Be glad you're not the fish this apparently-hungry (and very majestic) blue heron is eyeing.  He flew from the other side of the inlet as I watched, and "set up shop" on this old, dead tree.  (You can see the tree in my previous picture.)  Unfortunately, I didn't have time to wait around and see if he captured his prey...but he looks quite determined.

This is possibly one of the last clear fall days when colors will be visible.   As I mentioned above, typically it's all over by Thanksgiving.   We've had some sunshine since the day I took this picture, but nothing like the clear blue shown here.

Wonder when we'll see the first snow?


Wednesday, November 8, 2017

Not such a great antique show this year... least as far as Mandy is concerned.  There weren't the same opportunities as at some of the previous events.   I guess that's to be expected - especially for something I've been doing for so many years.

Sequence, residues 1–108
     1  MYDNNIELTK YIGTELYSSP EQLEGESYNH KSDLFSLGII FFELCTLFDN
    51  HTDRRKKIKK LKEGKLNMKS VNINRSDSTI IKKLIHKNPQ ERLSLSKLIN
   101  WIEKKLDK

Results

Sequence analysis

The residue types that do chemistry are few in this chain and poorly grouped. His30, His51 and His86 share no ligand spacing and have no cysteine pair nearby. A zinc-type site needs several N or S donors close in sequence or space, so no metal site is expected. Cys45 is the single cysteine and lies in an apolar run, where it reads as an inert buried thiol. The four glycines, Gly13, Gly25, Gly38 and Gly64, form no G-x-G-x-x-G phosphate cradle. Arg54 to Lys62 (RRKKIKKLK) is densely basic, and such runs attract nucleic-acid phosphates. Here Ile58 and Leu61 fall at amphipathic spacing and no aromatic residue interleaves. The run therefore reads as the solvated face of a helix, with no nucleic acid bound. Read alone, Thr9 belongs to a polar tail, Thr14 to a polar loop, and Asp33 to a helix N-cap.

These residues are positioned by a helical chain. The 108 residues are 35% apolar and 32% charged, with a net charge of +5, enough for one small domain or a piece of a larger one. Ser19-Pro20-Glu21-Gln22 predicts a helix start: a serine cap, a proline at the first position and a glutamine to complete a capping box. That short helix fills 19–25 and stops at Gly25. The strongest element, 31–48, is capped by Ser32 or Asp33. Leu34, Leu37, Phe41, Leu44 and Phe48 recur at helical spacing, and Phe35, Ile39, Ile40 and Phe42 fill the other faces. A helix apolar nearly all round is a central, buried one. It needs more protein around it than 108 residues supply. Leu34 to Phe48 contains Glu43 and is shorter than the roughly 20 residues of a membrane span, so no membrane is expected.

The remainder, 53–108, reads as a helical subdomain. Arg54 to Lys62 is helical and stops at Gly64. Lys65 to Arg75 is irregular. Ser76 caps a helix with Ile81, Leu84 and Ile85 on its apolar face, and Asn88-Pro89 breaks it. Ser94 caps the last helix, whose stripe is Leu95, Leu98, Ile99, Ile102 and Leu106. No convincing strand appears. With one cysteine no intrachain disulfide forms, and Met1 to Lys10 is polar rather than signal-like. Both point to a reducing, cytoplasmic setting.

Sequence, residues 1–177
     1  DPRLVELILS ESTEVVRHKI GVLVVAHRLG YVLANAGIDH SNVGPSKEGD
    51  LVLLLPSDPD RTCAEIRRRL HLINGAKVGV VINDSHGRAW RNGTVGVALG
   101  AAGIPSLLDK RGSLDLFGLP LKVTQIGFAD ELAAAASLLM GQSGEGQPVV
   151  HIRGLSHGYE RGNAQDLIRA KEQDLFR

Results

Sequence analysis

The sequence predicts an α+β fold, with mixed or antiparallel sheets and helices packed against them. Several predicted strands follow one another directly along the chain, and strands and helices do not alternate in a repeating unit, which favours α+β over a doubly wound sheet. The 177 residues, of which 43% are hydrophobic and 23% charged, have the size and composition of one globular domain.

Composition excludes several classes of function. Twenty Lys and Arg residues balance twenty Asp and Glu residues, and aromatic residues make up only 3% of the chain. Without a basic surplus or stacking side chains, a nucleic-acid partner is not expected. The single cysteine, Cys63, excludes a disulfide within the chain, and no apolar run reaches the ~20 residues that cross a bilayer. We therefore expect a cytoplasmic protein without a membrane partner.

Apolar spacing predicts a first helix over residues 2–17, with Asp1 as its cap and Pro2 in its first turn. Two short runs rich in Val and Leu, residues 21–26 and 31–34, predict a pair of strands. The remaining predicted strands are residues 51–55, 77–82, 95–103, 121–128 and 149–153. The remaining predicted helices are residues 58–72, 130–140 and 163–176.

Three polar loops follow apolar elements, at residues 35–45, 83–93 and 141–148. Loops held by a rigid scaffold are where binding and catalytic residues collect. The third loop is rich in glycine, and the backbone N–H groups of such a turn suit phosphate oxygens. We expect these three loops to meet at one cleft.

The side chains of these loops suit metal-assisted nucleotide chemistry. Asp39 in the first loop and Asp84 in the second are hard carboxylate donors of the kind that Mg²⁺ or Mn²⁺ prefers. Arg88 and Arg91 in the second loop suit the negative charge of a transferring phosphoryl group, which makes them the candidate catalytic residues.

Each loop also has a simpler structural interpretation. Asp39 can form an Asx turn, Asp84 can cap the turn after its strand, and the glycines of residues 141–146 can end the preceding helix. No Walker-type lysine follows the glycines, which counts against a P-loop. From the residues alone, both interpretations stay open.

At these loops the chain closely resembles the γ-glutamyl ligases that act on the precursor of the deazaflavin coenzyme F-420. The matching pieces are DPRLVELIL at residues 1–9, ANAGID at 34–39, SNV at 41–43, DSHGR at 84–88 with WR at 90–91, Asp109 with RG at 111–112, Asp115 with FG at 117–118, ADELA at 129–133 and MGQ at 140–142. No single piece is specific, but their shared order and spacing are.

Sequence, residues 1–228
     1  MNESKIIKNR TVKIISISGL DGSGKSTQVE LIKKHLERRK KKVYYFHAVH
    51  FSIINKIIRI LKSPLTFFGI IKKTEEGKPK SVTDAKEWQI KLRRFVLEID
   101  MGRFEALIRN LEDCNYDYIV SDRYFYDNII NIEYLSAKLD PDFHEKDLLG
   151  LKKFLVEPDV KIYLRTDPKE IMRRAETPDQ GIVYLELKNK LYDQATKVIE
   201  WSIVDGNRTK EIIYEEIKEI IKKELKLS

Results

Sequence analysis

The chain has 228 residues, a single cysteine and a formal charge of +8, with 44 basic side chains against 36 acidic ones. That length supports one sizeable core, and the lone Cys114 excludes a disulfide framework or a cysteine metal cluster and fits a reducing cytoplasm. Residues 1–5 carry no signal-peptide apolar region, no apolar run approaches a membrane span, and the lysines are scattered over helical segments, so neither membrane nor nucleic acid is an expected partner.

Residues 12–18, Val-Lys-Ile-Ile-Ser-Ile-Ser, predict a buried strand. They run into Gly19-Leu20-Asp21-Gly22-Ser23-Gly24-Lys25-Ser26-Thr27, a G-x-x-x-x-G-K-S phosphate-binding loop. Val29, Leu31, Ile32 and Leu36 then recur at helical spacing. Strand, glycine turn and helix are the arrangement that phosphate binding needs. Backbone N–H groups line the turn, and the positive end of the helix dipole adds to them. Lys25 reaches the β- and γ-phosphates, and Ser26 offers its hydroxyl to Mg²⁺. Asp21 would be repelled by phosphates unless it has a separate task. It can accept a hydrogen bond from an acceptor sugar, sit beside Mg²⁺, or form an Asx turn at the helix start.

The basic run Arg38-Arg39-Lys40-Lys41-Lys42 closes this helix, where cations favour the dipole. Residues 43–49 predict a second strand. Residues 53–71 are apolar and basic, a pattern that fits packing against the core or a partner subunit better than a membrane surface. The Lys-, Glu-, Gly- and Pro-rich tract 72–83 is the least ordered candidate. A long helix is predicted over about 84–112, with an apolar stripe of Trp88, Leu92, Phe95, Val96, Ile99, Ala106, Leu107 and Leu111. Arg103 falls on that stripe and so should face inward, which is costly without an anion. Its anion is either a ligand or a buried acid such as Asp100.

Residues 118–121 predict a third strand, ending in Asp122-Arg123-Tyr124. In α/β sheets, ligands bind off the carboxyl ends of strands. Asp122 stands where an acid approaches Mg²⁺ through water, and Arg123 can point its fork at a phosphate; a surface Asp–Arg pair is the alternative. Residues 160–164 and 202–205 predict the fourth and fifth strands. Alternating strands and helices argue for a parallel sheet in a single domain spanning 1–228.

Following is the outfit I wore to dinner on the second night of my trip...

Bear in mind that when I checked into the hotel, wearing the same top, shoes and jewelry but with stirrup pants instead of the capris, I was addressed as "Sir" by the two 20something female desk clerks.  When I entered the hotel restaurant that second night, dressed as above, I may have confused the staff.  A rather generic "You may sit wherever you wish" was my first instruction.  And the server was similarly neutral.  It be took a while for her to figure things out, but by then she apparently went off duty and I didn't see her again for the rest of my meal - at my, or at any - table.